19.  On 30 September 2003 the District Court in Bucharest held the first hearing in respect of the second action and adjourned the case on the grounds that the applicant had failed to sign the application and that the mother had failed to sign her request for an adjournment.

20.  On 2 October 2003 the High Court in London resumed its examination of the case. The judge in charge of the case indicated that since his decision of May 2003 a number of documents from Romania had become available which seemed to indicate that the child’s removal from Romania by his mother was wrongful, and that, had these documents been available earlier, he would not have sought a declaration under Article 15 of the Hague Convention. Nevertheless, in view of the fact that the proceedings in Romania had commenced, and in view of the letter from the Romanian Ministry of Justice of 29 September 2003 it was decided to adjourn the proceedings to a date after 8 December 2003 (the date on which the District Court in Bucharest was to hear the case). The judge expressed concern about the time that had elapsed in the proceedings and indicated that if the 8 December hearing in Romania was not conclusive he would discharge the order he had made in May and proceed to adjudication.

21.  On 31 October 2003 the mother submitted her observations concerning the applicant’s actions in the Romanian proceedings and introduced a counter-action seeking, inter alia, a ruling that the applicant did not have a right of custody over the child and that he did not have the right to decide on the child’s place of domicile.

22.  On 8 December 2003 the District Court in Bucharest adjourned the hearing at the applicant’s request so that he could examine the mother’s observations and the counter-action lodged by her. On the same date the two actions lodged by the applicant and the mother’s counter-action were joined.

23.  On 19 December 2003 the judge at the High Court in London, having learned that the final determination of the case before the Romanian court had yet again been put back, made an order that the final hearing in London should take place “as a matter of urgency” in January 2004.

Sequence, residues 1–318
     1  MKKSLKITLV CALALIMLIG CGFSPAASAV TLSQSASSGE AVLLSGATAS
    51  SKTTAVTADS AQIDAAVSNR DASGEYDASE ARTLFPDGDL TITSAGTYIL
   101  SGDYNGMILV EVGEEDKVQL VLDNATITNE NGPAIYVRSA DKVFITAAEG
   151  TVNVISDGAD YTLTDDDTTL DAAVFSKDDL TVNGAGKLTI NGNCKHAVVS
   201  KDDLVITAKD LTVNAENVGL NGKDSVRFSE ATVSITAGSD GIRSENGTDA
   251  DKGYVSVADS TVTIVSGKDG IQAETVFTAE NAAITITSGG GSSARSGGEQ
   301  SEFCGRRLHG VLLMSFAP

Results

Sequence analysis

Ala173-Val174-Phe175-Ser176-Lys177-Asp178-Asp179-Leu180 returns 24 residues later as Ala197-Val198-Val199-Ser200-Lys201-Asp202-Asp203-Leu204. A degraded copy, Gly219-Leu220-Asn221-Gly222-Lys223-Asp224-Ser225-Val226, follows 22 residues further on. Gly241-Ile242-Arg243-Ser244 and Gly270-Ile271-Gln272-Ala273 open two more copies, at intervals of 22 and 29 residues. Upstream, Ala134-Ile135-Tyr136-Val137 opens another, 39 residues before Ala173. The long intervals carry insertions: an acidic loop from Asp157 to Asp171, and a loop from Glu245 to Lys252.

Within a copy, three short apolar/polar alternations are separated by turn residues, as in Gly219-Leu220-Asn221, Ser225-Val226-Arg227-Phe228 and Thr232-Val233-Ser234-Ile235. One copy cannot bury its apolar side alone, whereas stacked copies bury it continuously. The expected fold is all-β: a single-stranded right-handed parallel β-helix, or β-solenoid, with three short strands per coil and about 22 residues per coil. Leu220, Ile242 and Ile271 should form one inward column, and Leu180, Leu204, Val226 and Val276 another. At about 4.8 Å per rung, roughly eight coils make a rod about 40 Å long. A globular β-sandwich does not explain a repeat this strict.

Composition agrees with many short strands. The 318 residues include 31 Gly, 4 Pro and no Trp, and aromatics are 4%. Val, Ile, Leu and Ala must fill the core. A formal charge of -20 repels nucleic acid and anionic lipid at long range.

24.  On 5 January 2004 the District Court in Bucharest adopted a final ruling in the case and declared inadmissible the applicant’s actions without entering into the merits of the case. It decided not to examine the mother’s counter-action. Both parties appealed against the judgment.

25.  On 14 January 2004 the proceedings in London were adjourned at the request of the parties to 1 March 2004 to allow time for receipt of the written reasons from the Romanian court.

26.  On 20 January 2004 the District Court in Bucharest delivered its judgment and on 3 and 5 February the parties appealed against it.

27.  On 6 February 2004 the case file was transmitted by the District Court to the Bucharest Court of Appeal and the latter fixed 6 April as the date of the hearing in the case.

28.  On 23 February 2004 the applicant requested the Bucharest Court of Appeal to speed up the proceedings in view of the proceedings pending in London. His request was granted and the date of the hearing was set for 16 March 2004.

29.  On 1 March 2004 the applicant applied for an adjournment in the High Court proceedings in London pending determination of the case by the Bucharest Court of Appeal. His request was granted and the judge in charge of the case ordered that the final hearing should take place as soon as possible after receipt of an authorised translation of the decision of the Bucharest Court of Appeal.

30.  On 15 March 2004 the mother filed her observations with the Bucharest Court of Appeal.

31.  On 16 March 2004 the applicant’s representative requested an adjournment from the Bucharest Court of Appeal in order to study the mother’s observations.

32.  On 11 May 2004 the Bucharest Court of Appeal held a hearing in the case and heard submissions from the parties. The pronouncement of the judgment was adjourned to 25 May 2004.

33.  On 25 May 2004 the Fourth Section of the Bucharest Court of Appeal quashed the judgment of the first-instance court in part. It examined the applicant’s action on the merits and dismissed it as ill-founded, finding that the applicant did not have custody rights over the child and that the child’s removal from Romania was legal under domestic law and not wrongful within the meaning of Article 3 of the Hague Convention. The judgment of the Court of Appeal was communicated to the parties on 19 July 2004.

34.  On 3 August 2004 the applicant lodged an appeal on points of law with the Court of Cassation (Înalta Curte de Casaţie şi Justiţie) against the judgment of the Bucharest Court of Appeal.

35.  On 16 August 2004 the case file was sent by the Bucharest Court of Appeal to the Court of Cassation of Romania.

36.  On three occasions between November 2004 and March 2005 the applicant lodged requests with the Court of Cassation asking it for a speedier examination of his case on grounds of the urgency of the matter.